Whether you are a new plant parent or just looking into new propagation methods, here are 5 major benefits of propagating plants in water when compared against other propagation techniques!
Whether you’re creating cuttings to share with friends or adding new plants to your home - propagating plants can be a gratifying and fun practice.
Propagating plants is the practice of cloning a mother plant using a cutting and a growing medium. It’s a fabulous way to create new plants around your home without the need to buy them and it’s a lot of fun to do! Our go-to medium for propagating plants is water. A few other common propagation mediums include LECA, peat moss, perlite/vermiculite, and soil. Water propagation is often confused with the concept of growing in water.
You can think of these processes as complementary in a plant’s life cycle. Propagation takes place in the first 6-8 weeks of the plant’s growing stages. During this stage, plant cuttings settle into their new homes in the glasses and develop new roots. The next stage, after the plant has established its root system, is growing. This is when the plant is sprouting new leaves and stems as well as shedding old growth. Most people transfer the propagated plant into a soil pot before this stage. But, the fascinating thing about growing in water is that you can eliminate this step; instead, just place your plant in a glass and watch it grow!
If you’d like to learn more about the difference between growing and propagating plants in water, check out our blogPropagating vs. Growing Plants in Water: What You Need to Know.
Water propagation requires way less effort than other propagation methods. From start to finish, it can take less than 5 minutes to do! This can make propagating plants convenient for anyone working a busy schedule and with very little mess.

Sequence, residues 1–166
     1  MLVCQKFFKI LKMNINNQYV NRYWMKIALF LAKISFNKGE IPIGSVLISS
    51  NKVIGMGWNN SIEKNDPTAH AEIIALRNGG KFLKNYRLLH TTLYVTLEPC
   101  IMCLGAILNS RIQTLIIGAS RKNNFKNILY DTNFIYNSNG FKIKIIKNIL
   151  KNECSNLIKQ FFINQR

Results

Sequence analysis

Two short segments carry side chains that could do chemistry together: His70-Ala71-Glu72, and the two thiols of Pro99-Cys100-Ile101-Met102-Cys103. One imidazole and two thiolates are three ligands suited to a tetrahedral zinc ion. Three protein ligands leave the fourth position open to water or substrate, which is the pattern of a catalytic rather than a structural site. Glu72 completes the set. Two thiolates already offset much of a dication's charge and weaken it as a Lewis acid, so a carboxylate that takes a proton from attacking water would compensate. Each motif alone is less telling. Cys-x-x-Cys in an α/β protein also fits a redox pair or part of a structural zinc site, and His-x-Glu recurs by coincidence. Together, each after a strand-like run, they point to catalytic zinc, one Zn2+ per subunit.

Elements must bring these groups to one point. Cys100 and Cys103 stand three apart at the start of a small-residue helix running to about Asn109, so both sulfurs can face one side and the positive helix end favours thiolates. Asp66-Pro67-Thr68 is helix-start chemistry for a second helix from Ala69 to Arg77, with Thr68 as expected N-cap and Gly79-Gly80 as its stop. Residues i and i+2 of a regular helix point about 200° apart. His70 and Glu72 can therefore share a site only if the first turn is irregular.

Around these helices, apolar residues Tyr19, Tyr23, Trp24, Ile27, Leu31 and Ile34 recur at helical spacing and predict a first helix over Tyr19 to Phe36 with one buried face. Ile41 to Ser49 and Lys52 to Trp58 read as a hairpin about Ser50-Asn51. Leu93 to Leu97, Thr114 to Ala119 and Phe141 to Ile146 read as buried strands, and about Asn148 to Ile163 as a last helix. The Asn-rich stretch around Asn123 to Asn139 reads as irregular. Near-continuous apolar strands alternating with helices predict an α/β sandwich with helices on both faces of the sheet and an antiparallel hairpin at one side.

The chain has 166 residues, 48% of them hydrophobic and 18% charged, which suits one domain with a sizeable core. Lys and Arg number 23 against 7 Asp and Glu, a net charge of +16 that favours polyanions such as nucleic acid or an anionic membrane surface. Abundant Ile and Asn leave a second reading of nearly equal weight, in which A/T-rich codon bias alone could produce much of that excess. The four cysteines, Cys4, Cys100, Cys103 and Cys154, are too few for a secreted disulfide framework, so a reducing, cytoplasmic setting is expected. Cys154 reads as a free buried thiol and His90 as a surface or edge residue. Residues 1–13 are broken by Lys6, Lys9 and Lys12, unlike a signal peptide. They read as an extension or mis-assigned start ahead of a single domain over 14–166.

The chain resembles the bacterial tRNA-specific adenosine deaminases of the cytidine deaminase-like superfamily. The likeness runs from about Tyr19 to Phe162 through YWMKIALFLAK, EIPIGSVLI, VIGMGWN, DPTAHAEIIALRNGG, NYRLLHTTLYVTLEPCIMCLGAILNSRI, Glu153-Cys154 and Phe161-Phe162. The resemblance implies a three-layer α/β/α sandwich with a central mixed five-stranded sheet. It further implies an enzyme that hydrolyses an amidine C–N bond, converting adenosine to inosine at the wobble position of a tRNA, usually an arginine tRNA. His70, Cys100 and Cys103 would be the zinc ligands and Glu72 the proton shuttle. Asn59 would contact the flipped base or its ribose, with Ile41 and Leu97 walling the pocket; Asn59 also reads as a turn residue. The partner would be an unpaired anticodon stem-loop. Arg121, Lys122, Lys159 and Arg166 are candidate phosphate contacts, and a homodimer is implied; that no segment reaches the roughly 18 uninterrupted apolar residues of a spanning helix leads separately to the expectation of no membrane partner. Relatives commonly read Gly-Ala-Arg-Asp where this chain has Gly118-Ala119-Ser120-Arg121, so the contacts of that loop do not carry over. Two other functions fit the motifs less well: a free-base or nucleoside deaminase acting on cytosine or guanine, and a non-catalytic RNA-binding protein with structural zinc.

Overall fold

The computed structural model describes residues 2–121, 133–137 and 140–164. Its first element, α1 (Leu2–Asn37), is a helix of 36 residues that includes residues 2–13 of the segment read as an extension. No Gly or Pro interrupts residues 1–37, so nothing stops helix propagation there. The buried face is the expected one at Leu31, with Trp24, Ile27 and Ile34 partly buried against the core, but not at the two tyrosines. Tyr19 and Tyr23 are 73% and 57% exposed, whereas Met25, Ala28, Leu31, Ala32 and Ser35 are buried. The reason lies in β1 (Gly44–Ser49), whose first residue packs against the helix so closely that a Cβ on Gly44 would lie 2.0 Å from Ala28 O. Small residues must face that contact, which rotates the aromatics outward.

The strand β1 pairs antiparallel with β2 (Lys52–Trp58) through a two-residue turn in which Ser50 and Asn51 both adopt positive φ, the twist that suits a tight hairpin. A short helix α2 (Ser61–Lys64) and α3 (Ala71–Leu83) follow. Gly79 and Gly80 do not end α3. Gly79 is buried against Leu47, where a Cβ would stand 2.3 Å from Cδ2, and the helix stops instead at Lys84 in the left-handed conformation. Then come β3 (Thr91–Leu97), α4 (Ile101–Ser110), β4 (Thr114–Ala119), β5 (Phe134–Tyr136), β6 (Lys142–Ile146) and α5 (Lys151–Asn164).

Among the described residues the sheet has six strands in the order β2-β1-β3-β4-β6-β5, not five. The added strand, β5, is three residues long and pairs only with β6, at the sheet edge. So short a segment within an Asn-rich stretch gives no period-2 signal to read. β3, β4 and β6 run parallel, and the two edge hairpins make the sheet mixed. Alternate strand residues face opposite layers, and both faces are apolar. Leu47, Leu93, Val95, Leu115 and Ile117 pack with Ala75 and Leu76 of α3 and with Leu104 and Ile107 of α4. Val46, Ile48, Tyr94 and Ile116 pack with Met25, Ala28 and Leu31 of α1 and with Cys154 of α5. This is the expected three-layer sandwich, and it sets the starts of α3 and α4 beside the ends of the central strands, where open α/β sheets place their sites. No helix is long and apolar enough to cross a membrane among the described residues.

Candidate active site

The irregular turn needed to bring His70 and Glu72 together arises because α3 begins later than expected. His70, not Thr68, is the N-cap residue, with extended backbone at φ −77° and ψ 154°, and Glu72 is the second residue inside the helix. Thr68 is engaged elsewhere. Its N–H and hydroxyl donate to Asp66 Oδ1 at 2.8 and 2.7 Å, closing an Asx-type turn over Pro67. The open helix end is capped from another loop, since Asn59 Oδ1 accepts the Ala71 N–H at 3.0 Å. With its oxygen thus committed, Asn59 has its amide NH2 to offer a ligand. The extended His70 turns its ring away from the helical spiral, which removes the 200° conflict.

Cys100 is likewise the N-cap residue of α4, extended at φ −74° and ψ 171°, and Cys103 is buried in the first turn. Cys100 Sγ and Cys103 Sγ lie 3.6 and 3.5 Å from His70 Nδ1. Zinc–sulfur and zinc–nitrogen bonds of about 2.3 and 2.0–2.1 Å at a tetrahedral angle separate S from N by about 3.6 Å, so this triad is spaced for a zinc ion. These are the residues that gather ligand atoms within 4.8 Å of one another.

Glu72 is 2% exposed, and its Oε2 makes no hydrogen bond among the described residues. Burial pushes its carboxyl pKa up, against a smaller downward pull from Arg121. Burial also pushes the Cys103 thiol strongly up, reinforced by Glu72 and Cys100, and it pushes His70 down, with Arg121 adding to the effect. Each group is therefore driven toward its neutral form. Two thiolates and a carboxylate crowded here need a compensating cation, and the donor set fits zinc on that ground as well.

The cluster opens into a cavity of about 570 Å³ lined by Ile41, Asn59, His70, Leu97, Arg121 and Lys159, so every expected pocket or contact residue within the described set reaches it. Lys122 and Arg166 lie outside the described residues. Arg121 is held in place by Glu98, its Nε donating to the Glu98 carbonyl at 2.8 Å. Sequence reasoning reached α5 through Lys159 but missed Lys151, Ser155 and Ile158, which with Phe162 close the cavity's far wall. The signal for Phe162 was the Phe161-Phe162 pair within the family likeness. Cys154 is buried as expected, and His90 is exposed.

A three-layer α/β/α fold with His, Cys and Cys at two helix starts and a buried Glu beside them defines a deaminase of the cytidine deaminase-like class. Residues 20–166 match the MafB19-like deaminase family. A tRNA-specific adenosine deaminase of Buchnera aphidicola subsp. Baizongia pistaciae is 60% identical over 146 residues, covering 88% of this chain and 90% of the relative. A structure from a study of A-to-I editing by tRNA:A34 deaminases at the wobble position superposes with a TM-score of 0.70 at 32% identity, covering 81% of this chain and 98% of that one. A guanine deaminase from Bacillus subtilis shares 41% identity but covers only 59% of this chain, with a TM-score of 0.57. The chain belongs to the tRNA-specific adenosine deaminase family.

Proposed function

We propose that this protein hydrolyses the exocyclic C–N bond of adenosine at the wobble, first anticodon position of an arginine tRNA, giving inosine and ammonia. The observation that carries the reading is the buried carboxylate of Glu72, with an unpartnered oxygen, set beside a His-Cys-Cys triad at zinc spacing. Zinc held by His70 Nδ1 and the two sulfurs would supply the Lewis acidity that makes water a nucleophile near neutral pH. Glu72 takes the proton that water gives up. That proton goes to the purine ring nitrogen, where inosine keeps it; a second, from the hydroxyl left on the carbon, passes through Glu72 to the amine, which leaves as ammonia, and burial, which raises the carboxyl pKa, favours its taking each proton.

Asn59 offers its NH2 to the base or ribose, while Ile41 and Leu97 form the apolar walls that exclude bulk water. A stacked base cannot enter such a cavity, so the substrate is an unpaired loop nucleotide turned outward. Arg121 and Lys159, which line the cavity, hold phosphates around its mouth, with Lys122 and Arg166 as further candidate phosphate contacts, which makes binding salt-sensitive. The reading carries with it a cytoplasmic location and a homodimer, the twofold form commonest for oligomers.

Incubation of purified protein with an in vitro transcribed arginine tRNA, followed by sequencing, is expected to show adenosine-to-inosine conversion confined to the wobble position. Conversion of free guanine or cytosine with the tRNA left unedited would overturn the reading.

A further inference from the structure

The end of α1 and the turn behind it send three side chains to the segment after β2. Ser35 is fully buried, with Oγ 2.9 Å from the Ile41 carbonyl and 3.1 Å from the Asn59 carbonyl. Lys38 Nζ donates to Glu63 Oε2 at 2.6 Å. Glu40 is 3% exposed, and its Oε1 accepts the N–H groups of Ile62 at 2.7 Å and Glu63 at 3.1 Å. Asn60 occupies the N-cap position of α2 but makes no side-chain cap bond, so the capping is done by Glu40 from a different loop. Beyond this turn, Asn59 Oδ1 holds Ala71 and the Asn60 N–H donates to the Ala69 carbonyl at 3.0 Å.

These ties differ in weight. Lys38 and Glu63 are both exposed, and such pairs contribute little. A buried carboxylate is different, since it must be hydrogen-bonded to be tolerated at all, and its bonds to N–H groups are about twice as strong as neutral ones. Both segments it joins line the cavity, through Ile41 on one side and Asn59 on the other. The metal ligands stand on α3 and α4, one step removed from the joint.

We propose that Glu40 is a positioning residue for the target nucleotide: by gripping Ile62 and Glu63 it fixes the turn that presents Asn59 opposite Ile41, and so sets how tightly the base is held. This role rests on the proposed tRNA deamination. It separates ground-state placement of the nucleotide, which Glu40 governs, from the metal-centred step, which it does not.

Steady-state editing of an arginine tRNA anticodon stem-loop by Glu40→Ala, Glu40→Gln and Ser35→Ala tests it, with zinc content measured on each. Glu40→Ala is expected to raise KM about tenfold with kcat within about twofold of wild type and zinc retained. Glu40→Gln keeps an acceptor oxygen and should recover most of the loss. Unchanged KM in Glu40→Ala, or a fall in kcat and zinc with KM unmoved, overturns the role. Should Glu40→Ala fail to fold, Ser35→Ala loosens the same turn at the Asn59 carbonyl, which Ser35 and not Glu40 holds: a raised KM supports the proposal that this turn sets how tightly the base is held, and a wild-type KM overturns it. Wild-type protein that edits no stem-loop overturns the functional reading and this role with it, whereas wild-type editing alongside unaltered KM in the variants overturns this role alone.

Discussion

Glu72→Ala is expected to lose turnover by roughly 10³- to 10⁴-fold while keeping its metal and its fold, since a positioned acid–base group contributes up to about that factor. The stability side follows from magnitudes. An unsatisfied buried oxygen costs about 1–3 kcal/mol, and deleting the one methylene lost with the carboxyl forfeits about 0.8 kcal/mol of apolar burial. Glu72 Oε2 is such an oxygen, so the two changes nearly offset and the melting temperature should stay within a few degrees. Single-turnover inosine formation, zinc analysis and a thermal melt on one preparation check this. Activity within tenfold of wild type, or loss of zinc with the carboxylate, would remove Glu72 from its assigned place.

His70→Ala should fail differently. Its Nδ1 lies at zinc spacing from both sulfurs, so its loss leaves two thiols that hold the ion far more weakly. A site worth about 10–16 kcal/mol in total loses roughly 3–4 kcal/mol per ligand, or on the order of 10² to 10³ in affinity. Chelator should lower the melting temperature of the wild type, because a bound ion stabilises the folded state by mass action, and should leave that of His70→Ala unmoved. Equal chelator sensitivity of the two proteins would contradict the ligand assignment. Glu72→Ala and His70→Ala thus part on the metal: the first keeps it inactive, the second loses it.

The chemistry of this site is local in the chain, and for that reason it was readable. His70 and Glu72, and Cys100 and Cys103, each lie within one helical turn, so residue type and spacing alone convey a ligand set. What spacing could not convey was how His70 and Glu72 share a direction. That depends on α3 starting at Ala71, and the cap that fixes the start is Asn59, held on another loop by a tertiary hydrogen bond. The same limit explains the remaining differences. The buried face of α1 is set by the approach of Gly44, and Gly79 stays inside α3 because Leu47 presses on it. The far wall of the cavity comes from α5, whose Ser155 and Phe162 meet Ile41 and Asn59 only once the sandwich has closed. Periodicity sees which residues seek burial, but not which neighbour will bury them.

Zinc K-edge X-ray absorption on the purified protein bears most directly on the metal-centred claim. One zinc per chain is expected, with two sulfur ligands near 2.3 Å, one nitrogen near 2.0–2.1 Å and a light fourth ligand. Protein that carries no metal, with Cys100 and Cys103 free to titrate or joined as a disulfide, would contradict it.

When possible, we recommend using filtered water and a sterilized knife, but we’ve broken both these rules numerous times before and still had plenty of success!
There isn’t any fancy equipment or materials needed for water propagation. Practically anyone can propagate plants in water with materials they have at home. With a cup, water, and a sharp, sterile knife or blade, you can be well on your way to propagating any number of plants.
The only thing you really need to invest in when propagating plants in water is time. Like we’ve mentioned before, propagation doesn’t happen overnight and can take up to 8 weeks to see any signs of growth (sometimes more, patience is key here).
When I first started propagating plants in water, it was a bit awkward because I didn’t know much about the process and wasn’t that familiar with caring for plants. But after my fourth plant propagating successfully in water, I realized water propagation is super easy to understand. You just cut a piece off your plant, fill a glass with water, and plop the cutting in the water. In other words, it is almost impossible to mess up!
Other mediums such as LECA and soil tend to be a bit more complicated than simple water propagation. You’ll need more experience and expertise in order to successfully propagate your plant in other mediums. But overall, water propagation is a great first step into experimenting with different growing mediums and plant care overall.
Using water as a propagation medium makes it easy to monitor a plant’s root development at any time. You can quickly check for root health, which helps to prevent root rot. You also won’t have to pull the plant up to know if the roots are formed when propagating plants in water. Pulling up the plants can disrupt and damage the existing root systems embedded in the soil. Even after repotting the plant, your plant can have trouble acclimating in its new environment. In water, you can easily observe your plant throughout the entire rooting process.
Beyond the convenience and ease, propagating in water is super fun and rewarding on so many other levels. For one, I love propagating in water because it teaches valuable lessons like patience and consistency. Plants (especially during the early stages of propagation) are sensitive to environmental imbalances and need regular care to thrive. It also helps build confidence in knowing that you're capable of nurturing something to its fullest potential, and it’s really gratifying to see your plants grow a new leaf or root over time.
There isn’t much information out there about water propagation or growing plants in water. That’s why we’re here to not only learn more about this new wave of plant care but also share what we learn with too. Read about Modern Botanical and our discoveries here!